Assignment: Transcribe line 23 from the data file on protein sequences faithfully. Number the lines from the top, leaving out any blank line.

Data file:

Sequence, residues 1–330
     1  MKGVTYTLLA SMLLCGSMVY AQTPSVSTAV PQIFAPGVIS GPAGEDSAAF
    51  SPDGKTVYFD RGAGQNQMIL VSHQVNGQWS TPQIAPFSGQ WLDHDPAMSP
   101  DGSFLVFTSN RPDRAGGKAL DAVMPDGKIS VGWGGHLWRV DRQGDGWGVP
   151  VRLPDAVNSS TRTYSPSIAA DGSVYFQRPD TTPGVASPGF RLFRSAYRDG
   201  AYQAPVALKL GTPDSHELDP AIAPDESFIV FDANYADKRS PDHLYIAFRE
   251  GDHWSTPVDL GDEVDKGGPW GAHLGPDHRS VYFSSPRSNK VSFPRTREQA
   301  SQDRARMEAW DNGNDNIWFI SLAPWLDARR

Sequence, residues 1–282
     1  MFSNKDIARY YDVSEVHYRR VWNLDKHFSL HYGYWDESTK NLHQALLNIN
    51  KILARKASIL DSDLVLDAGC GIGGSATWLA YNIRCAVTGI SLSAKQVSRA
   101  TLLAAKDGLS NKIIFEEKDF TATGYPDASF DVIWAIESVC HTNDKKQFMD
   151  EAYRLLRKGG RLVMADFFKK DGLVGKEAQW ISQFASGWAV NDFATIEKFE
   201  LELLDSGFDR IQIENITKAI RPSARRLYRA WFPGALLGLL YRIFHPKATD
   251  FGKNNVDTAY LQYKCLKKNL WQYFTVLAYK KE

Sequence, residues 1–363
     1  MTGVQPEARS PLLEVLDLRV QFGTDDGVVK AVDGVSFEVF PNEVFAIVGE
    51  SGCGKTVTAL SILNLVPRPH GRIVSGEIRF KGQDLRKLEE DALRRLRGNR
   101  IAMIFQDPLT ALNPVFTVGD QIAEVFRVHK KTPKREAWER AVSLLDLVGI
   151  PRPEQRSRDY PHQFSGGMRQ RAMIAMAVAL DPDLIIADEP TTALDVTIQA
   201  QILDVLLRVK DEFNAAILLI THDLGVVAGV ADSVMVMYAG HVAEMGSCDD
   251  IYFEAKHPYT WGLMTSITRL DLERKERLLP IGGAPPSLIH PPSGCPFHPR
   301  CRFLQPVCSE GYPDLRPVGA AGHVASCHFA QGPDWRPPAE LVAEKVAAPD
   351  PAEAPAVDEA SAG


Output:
   301  CRFLQPVCSE GYPDLRPVGA AGHVASCHFA QGPDWRPPAE LVAEKVAAPD